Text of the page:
How to Start Your Very Own Indoor Garden From Seeds
Martha Stewart’s personal gardener shares his tips.
Updated Oct 11, 2018 12:26 PM
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Spring has officially sprung, even if the best way you can appreciate it right now is by opening your window and looking at the buds starting to sprout on your neighboring trees. For those of us with yards, gardening is a great way to get out in nature and de-stress—but even if you don’t, you can still grow your own food from scratch. In fact, seed starting is the perfect indoor activity.
All you need is a container, potting soil, some seeds, and a sunny spot to keep them, and within a few weeks you can enjoy garden-fresh herbs or vegetables grown in the comfort of your own home. We asked Ryan McCallister, personal gardener to Martha Stewart, how even a plant novice can get it done. Follow his step-by-step guide, and you’ll be the proud owner of a brand-new basil plant (or lettuce plant or cilantro plant, and so on) in no time.
Find a Sunny Spot
Before you plant your first seeds, you need to figure out exactly where you’re going to keep them. McCallister recommends a place in your home that gets a good amount of sunlight, but not so much that the plants will get overheated. You’ll also want to make sure they’re not too close to radiators or air-conditioning units.
Gather Your Containers
For most plants, plastic, ceramic, and clay pots are all fine to work with—as long as your vessel has drainage holes, you’ll be good to go. But when you’re starting with seeds, you have the option to plant in a smaller container (think: cut-up paper towel tubes, egg cartons, or shallow takeout trays), before moving the sprouts to a bigger pot or trough. McCallister recommends this method in particular for herbs, because it helps prevent them from getting overwatered. The only seeds that shouldn’t be started with this method are root vegetables, like turnips and carrots.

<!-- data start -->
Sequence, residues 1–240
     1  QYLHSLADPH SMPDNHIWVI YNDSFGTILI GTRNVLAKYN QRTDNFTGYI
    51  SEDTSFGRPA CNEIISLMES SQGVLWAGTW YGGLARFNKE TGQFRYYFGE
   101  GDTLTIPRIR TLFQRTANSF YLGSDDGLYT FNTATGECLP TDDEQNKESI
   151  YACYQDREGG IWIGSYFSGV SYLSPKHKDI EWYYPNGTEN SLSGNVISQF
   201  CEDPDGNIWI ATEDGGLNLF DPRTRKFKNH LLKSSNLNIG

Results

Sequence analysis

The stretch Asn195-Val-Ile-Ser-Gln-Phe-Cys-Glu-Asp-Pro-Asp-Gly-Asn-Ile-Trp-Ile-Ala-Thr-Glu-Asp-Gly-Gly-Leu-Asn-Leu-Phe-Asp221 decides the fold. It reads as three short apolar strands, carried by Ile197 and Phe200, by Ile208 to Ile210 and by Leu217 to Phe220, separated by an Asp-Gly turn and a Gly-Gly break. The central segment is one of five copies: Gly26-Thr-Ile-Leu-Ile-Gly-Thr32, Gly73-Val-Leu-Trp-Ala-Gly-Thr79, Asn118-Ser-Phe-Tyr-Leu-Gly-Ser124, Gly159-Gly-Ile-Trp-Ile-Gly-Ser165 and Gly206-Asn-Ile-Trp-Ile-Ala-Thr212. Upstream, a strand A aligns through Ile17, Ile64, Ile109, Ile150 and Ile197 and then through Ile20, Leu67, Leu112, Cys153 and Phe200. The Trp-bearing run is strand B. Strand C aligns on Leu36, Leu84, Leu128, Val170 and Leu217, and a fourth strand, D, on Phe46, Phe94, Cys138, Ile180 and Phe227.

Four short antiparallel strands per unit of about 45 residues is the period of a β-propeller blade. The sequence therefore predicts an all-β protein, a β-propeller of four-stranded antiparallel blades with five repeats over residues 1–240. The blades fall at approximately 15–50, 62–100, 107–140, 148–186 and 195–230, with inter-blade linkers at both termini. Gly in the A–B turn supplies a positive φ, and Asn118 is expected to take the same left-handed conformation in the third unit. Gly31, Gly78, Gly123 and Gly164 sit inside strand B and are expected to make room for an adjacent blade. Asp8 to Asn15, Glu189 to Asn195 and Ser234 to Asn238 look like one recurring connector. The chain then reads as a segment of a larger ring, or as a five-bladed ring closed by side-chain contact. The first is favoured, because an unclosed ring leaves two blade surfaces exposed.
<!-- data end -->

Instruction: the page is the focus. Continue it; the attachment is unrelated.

Select Your Seeds
Now for the fun part: Picking what to plant. When you’re only growing indoors, McCallister suggests sticking to herbs and vegetables—flowers tend to fare better outside. Growing a whole tomato plant from a seed might be more of a challenge, but smaller vegetables like lettuce, small carrots, radishes, peppers, and onions are great options for beginners.
Herbs are divided into two categories: soft herbs (anything with an edible stem, like basil, parsley, dill, and cilantro) and woody herbs (anything with a branch-like stem, like rosemary). Soft herbs are the easiest to start from seeds, while woody herbs require a bit more work (with the exception of thyme, which is slow but unfussy).
Leave the dirt in your yard or local park alone—to grow from seeds, you’ll need potting soil, which is light enough for the tiny seedlings to push through. If you can get seed-starting soil, which is even finer, that’s better but not absolutely necessary.
Different seeds require different amounts of coverage, but one thing is true for all: Spacing is key. “Most people tend to plant more than they should,” says McCallister. For vegetables, it’s helpful to think about what the plant looks like when it’s fully grown, then space out seeds accordingly. One seed yields one crop—a whole head of lettuce, a carrot, an onion—so you don’t need to use your entire seed packet.
For herbs, you can use a few more seeds. McCallister recommends spacing them out, but sprinkling them in small clusters of about five seeds, like you’d sprinkle salt on food. “You can always plant a few extras—after you see what sprouts and what doesn’t, you can pull out any excess,” he says.
If you’ve planted your seeds in smaller containers, let them grow a few more weeks before the seedlings are sturdy enough to transplant into bigger pots—just scoop them out with a spoon or pop them out of their container to place them in a larger one.
Every plant has its own watering preference, and every plant parent has their own personality, but most fall into two categories: “Some people forget and never water their plants, and others water them every five minutes,” says McCallister. The latter is actually worse—it’s hard (often impossible) to revive an overwatered plant. The key is practicing patience and paying attention to what your plant really needs. “Pretend they’re a baby,” adds McCallister. “And just watch them grow.”
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